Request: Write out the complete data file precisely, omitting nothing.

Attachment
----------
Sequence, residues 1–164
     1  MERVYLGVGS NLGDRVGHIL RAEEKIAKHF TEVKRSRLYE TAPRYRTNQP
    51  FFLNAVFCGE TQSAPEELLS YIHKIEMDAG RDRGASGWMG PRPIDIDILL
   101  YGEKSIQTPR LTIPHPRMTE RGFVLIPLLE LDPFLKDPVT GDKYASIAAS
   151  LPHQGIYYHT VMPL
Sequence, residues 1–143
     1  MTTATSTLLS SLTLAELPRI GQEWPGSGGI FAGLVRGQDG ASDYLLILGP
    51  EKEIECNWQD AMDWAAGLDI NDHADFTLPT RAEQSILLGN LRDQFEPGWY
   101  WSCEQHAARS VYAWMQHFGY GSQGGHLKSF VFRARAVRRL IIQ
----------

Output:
Sequence, residues 1–164
     1  MERVYLGVGS NLGDRVGHIL RAEEKIAKHF TEVKRSRLYE TAPRYRTNQP
    51  FFLNAVFCGE TQSAPEELLS YIHKIEMDAG RDRGASGWMG PRPIDIDILL
   101  YGEKSIQTPR LTIPHPRMTE RGFVLIPLLE LDPFLKDPVT GDKYASIAAS
   151  LPHQGIYYHT VMPL
Sequence, residues 1–143
     1  MTTATSTLLS SLTLAELPRI GQEWPGSGGI FAGLVRGQDG ASDYLLILGP
    51  EKEIECNWQD AMDWAAGLDI NDHADFTLPT RAEQSILLGN LRDQFEPGWY
   101  WSCEQHAARS VYAWMQHFGY GSQGGHLKSF VFRARAVRRL IIQ